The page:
The Epson systems are 15% more expensive to run because of ink but produce a higher quality output than the Canon. Both systems have poor color out of the box which vary widely depending on your media. The Epson color gamut is more natural, can produce finer gradations, more accurate and pleasing when profiled. The Canons color gamut is less realistic, more graphic and poppy but you might want that. Also most mid to high end Epson systems can only hold a Matte Black or a Glossy Black so if you switch between the two it’s a giant waste of time and money. Because quality and not cost is the goal we use the Epsons more.

The Canons seems to occasionally scratch disks because of the feed mechanism which has never happened with the Epsons. However our Epsons go out of alignment more frequently and cause banding than the Canons (our Epsons for disk printing do not have the laser auto alignment feature that better Epsons do). Also it was a pain for me to have to order the Canon “extras” from eBay and go and modify software, when I wanted more CD trays from Epson I just drove down to their building and picked them up (Yes I’m in the U.S.).

I hate both the Canon and Epson software. I didn’t have any of troubles using manual adjustments or lost settings on either brand. If you’re printing photos on these both Canon and Epson have free generic profiles which would be good enough for the home user. Epson paper is better if you buy the high end 5 star versions except they discontinued their super high gloss paper because it was too expensive to produce (and the Canon Premium Bright Glossy is very cheap looking and not as glossy).

I haven’t done a real smudge tests but we haven’t had significant issues with either brand. Once a disk is done we put it in a case and leave it open to so it can dry and outgas for at least 3 hours before we ship them out. We used to have a 6 color CIS for an old Epson but the new Canon and Epson inks are so outrageously better than the generics that we only use real ink now. We used to have the problem everyone had with ink clogging on the Epsons but we haven’t had an issue with any of these lately.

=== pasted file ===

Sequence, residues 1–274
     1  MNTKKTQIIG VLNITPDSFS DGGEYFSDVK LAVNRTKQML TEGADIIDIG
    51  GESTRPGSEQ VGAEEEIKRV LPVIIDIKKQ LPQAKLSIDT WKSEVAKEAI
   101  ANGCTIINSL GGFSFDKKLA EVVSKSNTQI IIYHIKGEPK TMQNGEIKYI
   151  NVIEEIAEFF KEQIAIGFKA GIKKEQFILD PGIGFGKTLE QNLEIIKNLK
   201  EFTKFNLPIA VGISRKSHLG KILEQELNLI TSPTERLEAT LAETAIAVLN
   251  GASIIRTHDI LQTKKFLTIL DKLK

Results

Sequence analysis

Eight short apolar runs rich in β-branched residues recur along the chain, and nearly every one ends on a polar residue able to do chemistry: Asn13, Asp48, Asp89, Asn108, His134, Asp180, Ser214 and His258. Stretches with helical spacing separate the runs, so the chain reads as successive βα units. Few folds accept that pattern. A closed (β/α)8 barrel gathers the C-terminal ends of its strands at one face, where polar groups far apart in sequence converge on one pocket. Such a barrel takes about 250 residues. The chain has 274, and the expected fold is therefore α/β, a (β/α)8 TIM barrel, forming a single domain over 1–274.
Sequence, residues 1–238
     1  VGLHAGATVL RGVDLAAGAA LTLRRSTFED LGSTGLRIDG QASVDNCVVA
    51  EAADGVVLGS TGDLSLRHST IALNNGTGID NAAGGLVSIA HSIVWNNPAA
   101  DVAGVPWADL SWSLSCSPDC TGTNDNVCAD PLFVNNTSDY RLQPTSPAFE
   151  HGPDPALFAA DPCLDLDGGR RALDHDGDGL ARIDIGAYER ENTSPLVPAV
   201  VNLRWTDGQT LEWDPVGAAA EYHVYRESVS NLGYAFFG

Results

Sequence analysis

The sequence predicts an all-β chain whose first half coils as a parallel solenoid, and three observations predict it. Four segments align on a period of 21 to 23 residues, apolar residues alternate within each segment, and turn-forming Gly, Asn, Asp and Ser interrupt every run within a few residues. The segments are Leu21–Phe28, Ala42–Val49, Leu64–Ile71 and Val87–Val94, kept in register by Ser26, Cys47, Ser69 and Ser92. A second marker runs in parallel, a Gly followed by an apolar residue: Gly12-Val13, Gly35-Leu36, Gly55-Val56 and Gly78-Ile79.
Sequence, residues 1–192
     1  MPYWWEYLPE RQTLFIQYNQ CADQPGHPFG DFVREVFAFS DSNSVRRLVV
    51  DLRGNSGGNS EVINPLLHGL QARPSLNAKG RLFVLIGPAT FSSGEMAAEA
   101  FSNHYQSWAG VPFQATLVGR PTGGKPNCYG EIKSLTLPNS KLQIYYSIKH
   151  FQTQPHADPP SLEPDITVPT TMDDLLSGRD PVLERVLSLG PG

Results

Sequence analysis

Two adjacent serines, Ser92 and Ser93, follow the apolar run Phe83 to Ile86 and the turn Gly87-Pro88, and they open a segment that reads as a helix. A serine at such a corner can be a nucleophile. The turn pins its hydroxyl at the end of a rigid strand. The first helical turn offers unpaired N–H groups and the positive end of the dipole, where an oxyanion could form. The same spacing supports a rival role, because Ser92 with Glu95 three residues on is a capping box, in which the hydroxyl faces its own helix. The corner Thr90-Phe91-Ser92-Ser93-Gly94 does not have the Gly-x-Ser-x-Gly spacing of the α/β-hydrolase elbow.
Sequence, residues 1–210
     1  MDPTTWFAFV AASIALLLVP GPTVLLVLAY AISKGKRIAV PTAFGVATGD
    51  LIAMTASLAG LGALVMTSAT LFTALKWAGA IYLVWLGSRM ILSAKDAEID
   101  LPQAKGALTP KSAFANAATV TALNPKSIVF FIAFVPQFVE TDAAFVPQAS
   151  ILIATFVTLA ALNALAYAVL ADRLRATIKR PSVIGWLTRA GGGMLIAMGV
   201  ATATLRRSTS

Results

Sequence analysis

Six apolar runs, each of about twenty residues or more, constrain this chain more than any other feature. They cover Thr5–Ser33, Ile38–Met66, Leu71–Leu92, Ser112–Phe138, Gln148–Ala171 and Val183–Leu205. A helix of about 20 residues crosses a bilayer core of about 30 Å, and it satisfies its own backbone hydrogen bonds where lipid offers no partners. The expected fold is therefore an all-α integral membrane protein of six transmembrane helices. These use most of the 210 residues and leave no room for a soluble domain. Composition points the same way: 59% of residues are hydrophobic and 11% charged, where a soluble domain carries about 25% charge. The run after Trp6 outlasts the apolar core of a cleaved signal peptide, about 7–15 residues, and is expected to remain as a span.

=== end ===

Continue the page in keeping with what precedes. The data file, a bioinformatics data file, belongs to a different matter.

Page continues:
Just my 2¢.

I finally broke down and got a Canon IP4500. Current Amazon prices are $100 for the IP4500 and $90 for the Epson R280. So I’m running the Canon and Epson side-by-side here.

First impression of the Canon IP4500 is that it is fast, text and graphics are a whole lot better than I expected. As are all the PIXMA series printers, it’s a terrific workhorse for every day use, with dual paper feeds and auto-duplexing. Enabling disc printing on this USA model was a breeze and took about 10 min. The printer comes with the disc tray feed rollers in place, you only have to remove a small piece of plastic that blocks the tray feed, and change the firmware settings.

First thing I noticed about disc printing is that the Canon is WAY faster than the Epson. Not that this is a huge benefit, but the Canon spits out a high-quality disc print about 45 sec. faster than the Epson does. As with the other Canon models, color matching seems a little better, even with it’s 3-color ink system. Blue in particular is a lot closer to being accurate than on the Epson.

So I printed a series of discs on both the R280 and IP4500. I used an actual scanned copy of a disc label. The label was scanned at 300 dpi, then down-sampled to 150 dpi with no color or contrast adjustments. Here is the original image, down-sampled to screen res:

Here’s the first set of discs. This is TY hub-printable CDR, flat finish.

Each of these sets of discs are printed with the 150 dpi image, then scanned at 300 dpi, cropped and down-sampled to 96 dpi and saved as high-quality jpg.

Printer settings in both cases are standard highest quality settings with about a 10% boost in density and no color or contrast changes. RGB color profile is used on both printers. The same printer settings are used on all 3 types of media. For the record, the Epson is using compatible inks, the Canon has it’s original inks.